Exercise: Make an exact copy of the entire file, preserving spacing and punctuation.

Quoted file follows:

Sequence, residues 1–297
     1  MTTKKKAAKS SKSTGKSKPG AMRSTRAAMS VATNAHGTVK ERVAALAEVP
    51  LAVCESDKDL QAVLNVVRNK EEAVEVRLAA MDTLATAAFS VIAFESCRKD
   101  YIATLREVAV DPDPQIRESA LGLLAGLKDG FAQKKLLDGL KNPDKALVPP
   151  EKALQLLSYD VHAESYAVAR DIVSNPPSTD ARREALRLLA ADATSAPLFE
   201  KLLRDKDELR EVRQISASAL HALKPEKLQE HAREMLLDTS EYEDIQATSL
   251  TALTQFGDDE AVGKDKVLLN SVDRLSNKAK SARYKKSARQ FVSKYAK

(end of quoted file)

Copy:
Sequence, residues 1–297
     1  MTTKKKAAKS SKSTGKSKPG AMRSTRAAMS VATNAHGTVK ERVAALAEVP
    51  LAVCESDKDL QAVLNVVRNK EEAVEVRLAA MDTLATAAFS VIAFESCRKD
   101  YIATLREVAV DPDPQIRESA LGLLAGLKDG FAQKKLLDGL KNPDKALVPP
   151  EKALQLLSYD VHAESYAVAR DIVSNPPSTD ARREALRLLA ADATSAPLFE
   201  KLLRDKDELR EVRQISASAL HALKPEKLQE HAREMLLDTS EYEDIQATSL
   251  TALTQFGDDE AVGKDKVLLN SVDRLSNKAK SARYKKSARQ FVSKYAK